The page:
Garden City Telegram from Garden City, Kansas on September 13, 1976 · Page 3
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Garden City Telegram from Garden City, Kansas · Page 3

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Garden City, Kansas
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Monday, September 13, 1976
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Page 3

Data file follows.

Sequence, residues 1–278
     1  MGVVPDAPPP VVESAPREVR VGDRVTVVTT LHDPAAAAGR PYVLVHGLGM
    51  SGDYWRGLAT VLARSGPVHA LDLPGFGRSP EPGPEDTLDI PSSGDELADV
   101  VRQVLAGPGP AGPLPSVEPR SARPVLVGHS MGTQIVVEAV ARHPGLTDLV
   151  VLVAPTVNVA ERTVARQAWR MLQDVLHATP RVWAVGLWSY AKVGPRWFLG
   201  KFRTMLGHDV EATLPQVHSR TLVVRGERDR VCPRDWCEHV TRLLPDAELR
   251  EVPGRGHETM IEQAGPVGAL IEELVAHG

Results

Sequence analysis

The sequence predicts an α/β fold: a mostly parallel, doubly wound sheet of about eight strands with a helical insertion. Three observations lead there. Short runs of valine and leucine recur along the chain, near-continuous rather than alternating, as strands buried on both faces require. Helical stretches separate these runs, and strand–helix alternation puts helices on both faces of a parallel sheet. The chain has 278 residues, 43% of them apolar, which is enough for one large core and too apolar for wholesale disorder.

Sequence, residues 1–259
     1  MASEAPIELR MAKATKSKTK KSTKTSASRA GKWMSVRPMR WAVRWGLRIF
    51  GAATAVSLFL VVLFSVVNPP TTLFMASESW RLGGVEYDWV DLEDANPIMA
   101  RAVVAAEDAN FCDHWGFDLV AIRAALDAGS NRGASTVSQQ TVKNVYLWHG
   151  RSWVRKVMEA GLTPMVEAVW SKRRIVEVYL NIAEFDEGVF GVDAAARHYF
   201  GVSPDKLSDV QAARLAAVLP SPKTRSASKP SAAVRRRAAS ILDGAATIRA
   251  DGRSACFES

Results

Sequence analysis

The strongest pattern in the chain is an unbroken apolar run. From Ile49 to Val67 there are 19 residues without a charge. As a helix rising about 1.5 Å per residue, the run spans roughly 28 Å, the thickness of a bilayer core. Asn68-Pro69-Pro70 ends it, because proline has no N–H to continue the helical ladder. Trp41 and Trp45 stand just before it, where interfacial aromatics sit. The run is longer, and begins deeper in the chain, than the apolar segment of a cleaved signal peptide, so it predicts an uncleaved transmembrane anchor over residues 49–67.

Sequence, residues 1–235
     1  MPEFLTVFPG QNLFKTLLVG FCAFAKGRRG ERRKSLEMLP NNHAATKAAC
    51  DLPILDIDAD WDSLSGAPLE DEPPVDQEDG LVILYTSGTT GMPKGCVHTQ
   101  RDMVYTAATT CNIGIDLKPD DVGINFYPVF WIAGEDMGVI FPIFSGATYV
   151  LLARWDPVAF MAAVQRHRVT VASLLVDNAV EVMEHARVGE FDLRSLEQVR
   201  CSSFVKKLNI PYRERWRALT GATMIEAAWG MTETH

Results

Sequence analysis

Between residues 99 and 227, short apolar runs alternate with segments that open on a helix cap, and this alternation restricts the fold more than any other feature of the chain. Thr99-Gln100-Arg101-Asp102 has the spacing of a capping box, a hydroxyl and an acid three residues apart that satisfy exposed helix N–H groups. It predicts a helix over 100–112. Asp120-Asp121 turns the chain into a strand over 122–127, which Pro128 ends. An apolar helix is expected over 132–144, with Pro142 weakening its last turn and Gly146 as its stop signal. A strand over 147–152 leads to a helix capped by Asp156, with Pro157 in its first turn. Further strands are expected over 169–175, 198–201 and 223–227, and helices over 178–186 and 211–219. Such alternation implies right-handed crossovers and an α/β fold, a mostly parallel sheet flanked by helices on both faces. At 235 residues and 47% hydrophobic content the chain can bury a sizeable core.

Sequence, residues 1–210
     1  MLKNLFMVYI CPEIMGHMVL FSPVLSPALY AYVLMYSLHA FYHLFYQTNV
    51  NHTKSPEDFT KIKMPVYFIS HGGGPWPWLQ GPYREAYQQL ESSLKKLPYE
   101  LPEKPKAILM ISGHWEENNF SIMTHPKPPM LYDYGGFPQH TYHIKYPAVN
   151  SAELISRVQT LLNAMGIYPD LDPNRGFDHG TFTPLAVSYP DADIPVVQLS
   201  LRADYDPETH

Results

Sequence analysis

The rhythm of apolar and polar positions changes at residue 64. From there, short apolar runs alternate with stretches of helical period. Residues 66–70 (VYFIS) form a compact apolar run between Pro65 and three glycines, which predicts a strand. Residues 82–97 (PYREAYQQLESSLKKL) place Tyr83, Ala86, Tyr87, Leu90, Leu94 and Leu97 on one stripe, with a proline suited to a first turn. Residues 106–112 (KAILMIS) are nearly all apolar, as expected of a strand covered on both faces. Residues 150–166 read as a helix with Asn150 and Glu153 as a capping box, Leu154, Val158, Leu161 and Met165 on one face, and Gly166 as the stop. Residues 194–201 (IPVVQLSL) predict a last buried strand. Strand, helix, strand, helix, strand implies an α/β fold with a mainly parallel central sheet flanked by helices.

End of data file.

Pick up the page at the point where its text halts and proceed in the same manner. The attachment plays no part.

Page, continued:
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Five Face Air Piracy, Possible Murder Charges (See story Page 1) NEW YORK (AP) - Five Croatian nationalises, who apparently were unarmed when they hijacked a Trans World Airlines 727 jetliner, face air piracy and possible murder charges here in the 30-hour, trans-Atlantic hijacking drama that brought terror to the skies and death on the ground. The hijackers, who demanded and won wide publicity for their cause of Croatian separation from Yugoslavia, surrendered in Paris on Sunday and were returned to New York. They had taken over the plane by threatening to blow it up with what they said were "explosives" wired to their bodies but which turned out to be modeling clay. The prisoners, four men and a woman, were taken into custody by the FBI at Kennedy Airport and held overnight for arraignment today in U.S. District Court in Brooklyn on air piracy charges. The offense carries a minimum 20-year prison sentence, but if a death results from the piracy, life imprisonment can be imposed. Paris police said that just before they gave up, the hijackers learned that a policeman was killed and three others injured in New York City while trying to dismantle a bomb they had planted in Grand Central Station in mid-Manhattan. The leader of the hijackers said they were "proud" of what they had done. French authorities said they had told the hijackers they would be executed if any passengers were harmed. They said they gave them a choice of being sent either to the United States or Yugoslavia. All 53 passengers still held hostage on the hijacked plane were released unharmed, and most of them also flew back to the United States on Sunday. Thirty-five passengers had been released when the plane landed in Gander, Newfoundland, early Saturday, the second stop in the hijacking escapade. The hijackers were identified by the FBI as Zvonko Busic, 30, his wife, Julienne, 27, and Petar Matovic, 31, all of New York City; Frane Pesut, 25, of Fairview, N.J.; and Mark Vlasic, 29, Stamford .Conn. The four men were born in Yugoslavia and Mrs. Busic is a native of Eugene, Ore., the FBI said. Dist. Atty. Mario Merola of the Bronx said he would seek first-degree murder indictments against them from a grand jury in the policeman's death. The slaying of a police officer in the line of duty is a capital offense in New York State.. The hijacking, which spanned four nations, was the first in the United States since April 1975, and the first successful one since November 1972, before federal officials instituted tighter airport security. A spokesman for TWA said Sunday night that officials were attempting to find out whether Mrs. Busic had been employed at one time as a stewardess for the airline. If she were, he said she might have been aware of airport procedures that would have helped in smuggling the "explosives" — a belt the hijackers said was a bomb in a metal pot six inches in diameter wired as a makeshift detonator — onto the plane. The involuntary odyssey from New York to Paris — with refueling stops in Montreal, Newfoundland and Iceland — began Friday night about an hour after the New York-to-Chicago flight had taken off. In Gander, Newfoundland, the 727 was joined by a TWA 707 jet flown from New York on the hijackers' orders to guide them across the ocean. The 727 lacked navigational facilities for the flight. On orders from the hijackers, four major U.S. newspapers had printed lengthy manifestos found in the Grand Central station locker along with the bomb. The hijackers had told authorities where to find the locker and warned that unless the documents were published, another bomb would go off in some busy spot. Also at the hijackers' orders, propaganda leaflets boosting the Croatian cause were dropped by helicopters over five U.S., Canadian and European cities. Page 3 Garden City Telegram Monday, Sept. 13,1976 The hijackers gave up early Sunday after they were convinced their publicity demands had been met following 13 hours of negotiations at Charles de Gaulle Airport with various officials, including French Interior Minister Hichel Poniatowski and U.S. Ambassador Kenneth Rush. Immediately after the plane landed, French authorities had deflated its tires and blocked it with two vehicles. French Police Inspector Jean Ottavian said the hijackers learned just before they surrendered that .their bomb had killed a policeman. "They said one of the reasons they surrendered was that they learned about the death," Ottavian said. deaths Ronald and Friends The Pied Piper of hamburgerland was in Garden City Saturday, and Ronald McDonald drew a substantial crowd. Ronald led a parade from Stevens Park downtown to—you guessed it- McDonalds on East Kansas Ave., where he entertained the troops with magic and humor. (See picture Page 1) Bennett Calls for Mental Patient Supervision Changes TOPEKA (AP) Gov. Robert F. Bennett said today changes in procedures for supervising Kansas' mental patients are mandatory regardless of federal regulations. The governor commented at a news conference in making public the first of three reports from the state Department of Social and Rehabilitation Services on last week's slaying in Parsons of a 5-year- The Markets Old Wheat New Wheat Milo Corn $2.63 down 6 $2.71 down 6 $4.00 unchg. $2.65 unchg. (Prices at 12:30 p.m. today at Garden City Co-op.) / p.m. stocks Allied Supplies 4'/, American Cyanamld 27 American Motors 4% American Brands 41% Anaconda 29 ATicT 80% Beech Aircraft 20M, Bethlehem Steel 41% Boeing 41W. Chrysler 20% Cities Service 53% Colorado Interstate 10 Dillons 33 Vt, DuPopl 131% Eastman Kodak 93% El Paso NG 14% Ford 56 General Electric 55 Garden City Livestock Receipts: 345 cattle All steer calves sold mostly from $1 to $3 lower with their heifer mates mostly $2 to $4 lower. Better steer calves sold from $38 to $42. A few light weights sold up to $44. Medium steer and bull calves sold from $33 to $36 with medium heifer calves selling from $26 to $31. Feeder steers in odd lots sold mostly steady, from $33 to $35.50. Two loads of fleshy feeder steers sold at $35.75. Cow market was mostly steady to 50 cents higher. Most cows in the range from $19 to $24.50. Bulls selling from $28.50 to $31.25. Not enough hogs available for a market test. For next Friday's sale estimating 750 cattle and 75 hogs. General Motors 68% Halliburton 65W IBM 279% International Harvester 30% International Paper 70 National Distributor .• 24<V 4 Northern Natural 44% PanEPL 38V4 Penney JC 53 Phillips Petroleum 60^ Proctor Gamble : 94 Vk RCA 28 Santa Fe Industries 34% Sears 69 Sperry Rand 47% Standard Oil Indiana 54 Standard Oil New Jersey 54 Six Hurt in 3-Car Crash Six persons were treated for injuries at St. Catherine Hospital following a three-car accident Saturday evening on East Kansas. Treated and released were Norma Jean Clemence, 36, 1624 Center, and her three daughters Stephani, 15, Angela, 13, and Penny, 6; April Bitzer, 13,905 Howerton; and Cameron Finke, 7,1409 N. Main. Police said the mishap occured at 7:03 p.m. in the 1300 block E. Kansas, near Anderson. Officers said Rosalie Cruz, 15, 907 Inge, was headed east on Kansas and had stopped, waiting to make a left turn intq Alco. Norma Clemence, driving the second car, was stopped behind her, when a third car driven by Joel Finke, 29, 1409 N. Main, struck the Clemence vehicle from behind. That forced the Clemence car forward into the Cruz auto. All those Injured but Finke were riding in the Clemence car. Officers listed extensive damage to all three vehicles. old girl by a 19-year-old patient at the Parsons State Hospital and Training Center. Sherri L. Janssen died of injuries sustained when she was repeatedly thrown to the ground by the mental patient as she walked to her kindergarten class. The first report to Bennett by Dr. Robert C. Harder, secretary of SRS, dealt exclusively with the facts in the case. The governor said subsequent reports will deal with federal regulations regarding confinement of mental patients and their rights, and what steps the state might take to change its procedures to insure no such incident reoccurs. "There has got to be a change, whether it's defying federal regulations, or changes within the scope of those regulations," Bennett told reporters. "We've got to try to make sure such a tragedy never reoccurs." The governor said Harder's first reporth indicates the 19- year-old mental patient had not caused trouble while previously assigned to Osawatomie State Hospital, or since going to Parsons. Bennett also noted that the federal authorities presently "feel very strongly" that neither chemical nor physical restraints should be imposed in such cases, adding, "Based on Juco Player Still Critical Garden City Community College football player Rich Harbaugh remains critically ill in the intensive care unit at St. Catherine Hospital. Harbaugh, 19, a sophomore from Salina, became ill and was admitted to the hospital early last week. Since that time, he had been transferred to ICU. Diagnosis of his illness has not been released. The gridder is a starting offensive guard for the Broncbusters. the preliminary evidence, I am not about to say they are the prime cause." Harder's report said the mental patient, identified in the report as Johnny Massey, was admitted to Osawatomie State Hospital from Wyandotte County on March 14, 1975. He was diagnosed as "severely mentally retarded and that his personality organization was extremely primitive and infantile," Harder's report to the governor said. "The staff at Osawatomie State Hospital expressed serious concern relative to the allegation that Johnny Massey had fatally injured his 3-week- old niece. It was the opinion of the staff at Osawatomie that the the patient was unable to Buffalo TV Highlights Buffalo Highlights, the weekly broadcast of Garden City High School, begins again this Tuesday. Weekly programing is scheduled each Tuesday at 7:30 p.m. on Channel 8, Cable TV. Produced by the GCHS public relations class, the show each week will highlight news worthy events to keep the public up to date on ' happenings throughout Unified School District 457. This week will feature: — Football coach Wayne Stagaard discussing his team. — Byron Taylor, Buffalo Booster president, talking about the club. — Three cheerleaders telling about their plans for (he year. — Debate coach Jane Nusser highlighting debate expectations for the year. — Spanish teacher Concc Magana, who is the first guest in a series entitled "Meet Your Teachers." — Brian Bergmeier, sponsor, discussing plans for the Herd (the male pep club) with its president Andy Schiffelbein. — Representatives from Alia Brown, Abe Hubert and GCHS presenting School News. — Barb Yemer, manager of the high school cafeteria, Informing folks about the new scramble system. These interviews and more will be conducted by Tim Keller, James Ricketts, Terry Wallace, and Chuck Scheurerman. stand trial," Harder said. Harder said the youth was sent to the University of Kansas Medical Center on April 29, 1975, for "a complete neurological work-up," and it was confirmed the patient suffered from mental retardation, mild cardia pulmonic stenosis. "Recommendations included training, attention and discipline for activities of daily living, bowel and bladder training and eventually maybe a return of speech," Harder's report said. Turquoise Stolen Near Tribune TRIBUNE — The Greeley County Sheriff's Office is investigating a burglary Friday evening of a residence a mile and a half east of Tribune. A number of pieces of quality turquoise jewelry was taken, Sheriff 0. B. Rutherford said. An estimate of the loss was not available, but Rutherford said it likely would be "a couple of thousand" dollars' worth. There were no signs of forced entry, the sheriff said, and thieves apparently knew what they wanted and where to find it. "They didn't take any cheap stuff — only expensive pieces — and they put everything back where they found it," the sheriff said. The jewelry was owned by Mrs. Paul Myers. Also under investigation is an ''almost identical" ;. burglary, that ; occurr.ed. the ' jjjame evening ^at, jp.wner, ' 'Colo., some 18 miles west of Tribune. Rutherford said only quality pieces of turquoise jewelry were taken there. Finney Judgers Win First Place Finney County 4-H livestock judging team took first place Saturday in the Southwest Area 4-H Livestock Judging Contest at Hugoton. The team, as well as other top teams from the area, will compete next Monday in the state fair at the State 4-H Livestock Judging Contest. Making up the group which copped the area honors are Wayne Goss (second place individual), Pat Venjohn (fourth place individual), Mark Lobmeyer and Mark Schweer. Other placings were second — Grant County (including first place individual R. Hammer), third — Stevens County No. 1, fourth — Haskell County and fifth — Stevens County No. 2. Bessie M. Drones Mrs. Willie Drones Mrs. Bessie Mae Drones, 42, 208 W. Thompson, died Saturday evening at St. Catherine Hospital. Born May 9, 1934, in Burleson County, Tex., she married Willie Drones, Feb. 21, 1962, in Slaton, Tex. Mrs. Drones came to Garden City Sept. 21, 1967 from Slaton, Tex. She was a member of the Church of Christ. Survivors include the widower, of the home; three sons, Donnie Ray and Larry, both of Garden City, and Willie Duane, of the home; a daughter, Michell Lynn, of the home; six brothers, Edd demons, Dime Box, Tex., and Tyler, Taylor, Edsel, Henry and Floyd demons, all of Slaton, Tex.; and a sister, Mrs. Inez Rainwater, Slaton, Tex. Funeral will be 10:30 a.m. Tuesday at the Church of Christ, Mr. Jerry Monroe officiating. Burial will be in Valley View Cemetery. Friends may call at the Garnand Funeral Home all day Monday. John H. Shirkey John Henry Shirkey, 77, 310 Hudson, died unexpectedly at his home Saturday evening. Born June 1, 1899, at Norborn, Mo., he married Bertha Mae Ratzlaff, Aug.,3, 1929, in Meade County. .Mr rt , Shirkey moved "to? Garden City in August, 1949. He later moved to Wichita, then returned to Garden City in 1967. A retired state highway commission employe, he was a member of the Brethern Church and a graduate of Kansas State University. Survivors include the widow; two sons, Donald. San Francisco, Calif., and Robin, Victoria, Tex.; a daughter, Mrs. Kay Brzezinksi, Kansas City; two brothers, Richard, Richmond, Va., and George, Chicago, 111.; three sisters, Mrs. Kathryn Crist, Madison, Mrs. Floy Jones, Emporia, and Mrs. Dorothy Flora, Richmond, Va.; and seven grandchildren. Funeral arrangements will be announced by Phillips- White Funeral Home. Mrs. Barbara Knoll Funeral for former Finney County resident Mrs. Barbara Knoll, 76, will be 10 a.m. Tuesday at St. Anthony's Church, St. Peter. Mrs. Knoll died Saturday at St. Frances Hospital, Wichita, following a three-month illness. Survivors include the widower, Gottfried, of the home; a son, Tim, 1214 Parkwood; seven daughters, Mrs. Barbara Solze, 2309 N. Main, Mrs. Bridget Brungardt and Mrs. Sylvia Sauer, both of St. Peter, Mrs. Valeria Comito, Broomfield, Colo., Mrs. Leona Miller, Edgewater, Colo., Mrs. Frances Earll, Butte, Mont., and Mrs. Dorothy Sauer, Wichita; four sisters, Mrs. Matilda Bender, Leoti, Mrs. Adolphine Wasinger, Denver, Colo., Mrs. Georgine Balmas, Waukegan, 111., and Sister Frances Theresa, Concordia; 41 grandchildren; and 33 great-grandchildren. A daughter, Eleanor Coen, preceded her in death. Spencer Funeral Home, Hill City, is in charge of arrangements. Kelsey 0. Brown SYRACUSE — Graveside service for Kelsey Oren Brown, 90, will be 2 p.m. Tuesday at Syracuse Cemetery, the Rev. Richard Grice officiating. Mr. Brown died Friday at Hamilton County Hospital after a short illness. Born Aug. 27,1886, in Casey, 111., he married Bessie Allison, Feb. 5, 1910, at Syracuse. He was a retired Conoco bulk agent and a lifelong resident of Syracuse. Mr. Brown was a member of the First Presbyterian Church, Syracuse, Syracuse Masonic Lodge, Syracuse Royal Arch Masons, Wichita Consistory, and Order 'of Eastern Star, Syracuse. Survivors include two daughters, Mrs. Elizabeth Knightly, Santa Rosa, Calif., and Mrs. Kathryn Waddell, Los Altos, Calif.; five grandchildren; and four great- grandchildren. Friends may call from 6 to 9 tonight at McFadden Mortuary. A memorial has been established at First National Bank and Valley State Bank, both of Syracuse. MrsTEvalyn Hanhagan LAKIN — Mrs. Evalyn M. Hannagan, 68, former Lakin resident, died Saturday at a Colorado Springs, Colo, nursing home. Born Feb. 22, 1908, at Kinross, Iowa, Mrs. Hannagan had been a resident of Manhattan before moving to Lakin in 1971. She moved to Colorado Springs in 1975 to make her home with her daughter. She was a member of the Seven Dolors Catholic Church in Manhattan, and the VFW Auxiliary. Survivors include three sons, Charles, Lakin, Paul and Merlin (Pat), both Houston, Tex.; a daughter, Mrs. C. Jane Aldridge, Colorado Springs; and eight grand• children. Funeral will be 10 a.m. Wednesday at the Seven Dolors Catholic Church, Manhattan, with burial in St. Patrick Cemetery, Ogden. Rosary will be said at 7:30 p.m. Tuesday at Parkview Funeral Home, Manhattan. THE END IS HERE Wide-Sldi 1976 TRUCK CLOSEOUT WE'D BUY A BIGGER AD AND LIST THE PRICES-BUT WITH OUR BIG DISCOUNTS, WE CAN'T AFFORD IT! SEE US NOW THEY WON'T LAST LONG! THE TRUCK SPECIALISTS AT WESTERN MOTOR COMPANY, INC. WHERE OUR CUSTOMERS SEND THEIR FRIENDS YOUR BUICK-PONTUC-OPEL AND CMC TRUCK DEALER 5TH & FULTON 275-4291 GARDEN CITY, KS. fc^^ W^. .-.-»• \